The Global Spread of AIDS and HIV
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Reprinted from the Journal of Economic Issues by special permission of the copyright holder, the Association for Evolutionary Economics.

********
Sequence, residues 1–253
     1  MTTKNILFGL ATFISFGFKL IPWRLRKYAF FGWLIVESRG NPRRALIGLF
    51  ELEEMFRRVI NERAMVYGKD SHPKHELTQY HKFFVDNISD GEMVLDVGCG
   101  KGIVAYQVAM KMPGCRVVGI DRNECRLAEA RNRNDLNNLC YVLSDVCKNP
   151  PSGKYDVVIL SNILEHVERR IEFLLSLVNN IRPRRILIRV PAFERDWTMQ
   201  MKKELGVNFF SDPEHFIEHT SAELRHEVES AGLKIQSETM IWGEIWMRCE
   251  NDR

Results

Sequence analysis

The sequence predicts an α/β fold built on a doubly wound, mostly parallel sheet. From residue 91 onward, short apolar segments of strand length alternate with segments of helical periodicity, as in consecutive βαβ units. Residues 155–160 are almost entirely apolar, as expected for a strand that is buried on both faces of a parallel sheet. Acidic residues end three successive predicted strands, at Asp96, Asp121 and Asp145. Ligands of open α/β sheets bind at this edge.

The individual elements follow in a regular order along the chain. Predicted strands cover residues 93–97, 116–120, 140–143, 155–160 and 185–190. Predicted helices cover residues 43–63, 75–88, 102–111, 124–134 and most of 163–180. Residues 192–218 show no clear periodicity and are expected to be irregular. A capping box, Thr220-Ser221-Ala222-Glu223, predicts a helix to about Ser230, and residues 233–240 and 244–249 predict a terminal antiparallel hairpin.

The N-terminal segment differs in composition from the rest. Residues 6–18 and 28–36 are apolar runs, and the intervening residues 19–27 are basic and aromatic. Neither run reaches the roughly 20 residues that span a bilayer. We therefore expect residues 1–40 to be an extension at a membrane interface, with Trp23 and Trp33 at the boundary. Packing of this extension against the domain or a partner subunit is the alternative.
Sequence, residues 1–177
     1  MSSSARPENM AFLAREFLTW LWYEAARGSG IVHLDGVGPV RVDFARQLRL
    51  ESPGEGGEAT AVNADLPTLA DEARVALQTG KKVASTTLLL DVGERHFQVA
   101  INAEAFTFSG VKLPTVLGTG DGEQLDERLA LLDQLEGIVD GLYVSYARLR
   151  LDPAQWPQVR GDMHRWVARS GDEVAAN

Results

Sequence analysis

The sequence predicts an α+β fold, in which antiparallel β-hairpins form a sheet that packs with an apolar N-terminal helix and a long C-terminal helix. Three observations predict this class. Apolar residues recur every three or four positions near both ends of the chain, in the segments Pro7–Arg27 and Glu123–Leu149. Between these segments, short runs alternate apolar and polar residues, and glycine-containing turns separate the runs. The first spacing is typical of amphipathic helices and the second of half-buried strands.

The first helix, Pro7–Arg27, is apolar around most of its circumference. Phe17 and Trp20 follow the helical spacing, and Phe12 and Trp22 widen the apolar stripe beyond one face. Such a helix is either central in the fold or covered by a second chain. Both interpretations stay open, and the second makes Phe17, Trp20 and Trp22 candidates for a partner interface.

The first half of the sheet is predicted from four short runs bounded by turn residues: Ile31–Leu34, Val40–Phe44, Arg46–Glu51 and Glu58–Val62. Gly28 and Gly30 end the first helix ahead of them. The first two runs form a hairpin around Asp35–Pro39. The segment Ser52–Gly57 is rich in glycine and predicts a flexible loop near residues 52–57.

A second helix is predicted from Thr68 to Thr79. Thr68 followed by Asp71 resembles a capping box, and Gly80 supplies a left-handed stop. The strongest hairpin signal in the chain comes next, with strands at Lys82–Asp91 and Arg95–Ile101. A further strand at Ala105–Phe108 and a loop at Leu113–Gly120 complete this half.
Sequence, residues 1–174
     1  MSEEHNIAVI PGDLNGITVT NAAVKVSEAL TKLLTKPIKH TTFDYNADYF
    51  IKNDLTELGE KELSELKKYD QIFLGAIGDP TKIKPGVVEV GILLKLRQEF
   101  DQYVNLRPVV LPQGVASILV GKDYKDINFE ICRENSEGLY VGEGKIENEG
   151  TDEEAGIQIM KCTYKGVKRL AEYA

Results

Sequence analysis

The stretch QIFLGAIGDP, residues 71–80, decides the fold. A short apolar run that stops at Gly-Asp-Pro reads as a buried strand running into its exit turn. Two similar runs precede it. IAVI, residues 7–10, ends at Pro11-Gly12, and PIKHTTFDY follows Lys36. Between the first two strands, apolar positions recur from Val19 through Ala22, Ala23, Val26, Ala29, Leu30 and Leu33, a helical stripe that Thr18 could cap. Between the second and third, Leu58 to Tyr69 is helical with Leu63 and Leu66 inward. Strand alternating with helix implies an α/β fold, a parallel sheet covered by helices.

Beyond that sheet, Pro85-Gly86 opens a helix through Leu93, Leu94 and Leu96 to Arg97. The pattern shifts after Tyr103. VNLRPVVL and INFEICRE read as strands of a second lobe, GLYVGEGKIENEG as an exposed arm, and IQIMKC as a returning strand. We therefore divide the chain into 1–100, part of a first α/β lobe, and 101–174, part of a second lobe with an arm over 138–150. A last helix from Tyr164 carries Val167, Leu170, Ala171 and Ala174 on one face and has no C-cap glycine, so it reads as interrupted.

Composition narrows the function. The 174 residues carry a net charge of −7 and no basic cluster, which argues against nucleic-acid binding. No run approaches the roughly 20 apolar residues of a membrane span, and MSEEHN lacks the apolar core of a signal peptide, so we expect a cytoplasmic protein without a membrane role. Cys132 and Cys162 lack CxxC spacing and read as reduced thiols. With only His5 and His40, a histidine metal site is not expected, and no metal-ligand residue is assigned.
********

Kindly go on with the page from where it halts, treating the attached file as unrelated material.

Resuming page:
Acquired Immunodeficiency Syndrome (AIDS) and Human Immunodeficiency Virus (HIV) emerged on the global scene in the early 1980s, and since then has become one of the critical factors affecting human well-being. Globally it kills over 3 million people annually. It is especially prevalent in Sub-Saharan Africa (SSA), where it kills 2. 4 million people per year, and its incidence is expanding dangerously in parts of Asia and Eastern Europe (UNAIDS/WHO 2005). The question raised in this paper is: what does heterodox political economy have to say about AIDS-HIV? A scholarly field of inquiry can reasonably be assessed according to how well it scrutinizes the world's major problems. This paper assesses political economy on this basis. Political economy posits a number of principles and theoretical concepts for guiding research in the social sciences. These principles do differ somewhat depending on the school and trend in question, but more recently, scholars have been writing on the convergence trends among and between at least some of the schools of political economy (especially along institutional-evolutionary lines). The current paper attempts to synthesize and apply some of these principles and concepts to the AIDS and HIV problem that has befallen the world over the past two-to-three decades (O'Hara 2007). It is believed that these principles are mostly grounded in empirical reality, and are likely to be of assistance in understanding the AIDS-HIV problem. This, indeed, is the principal hypothesis of this paper.
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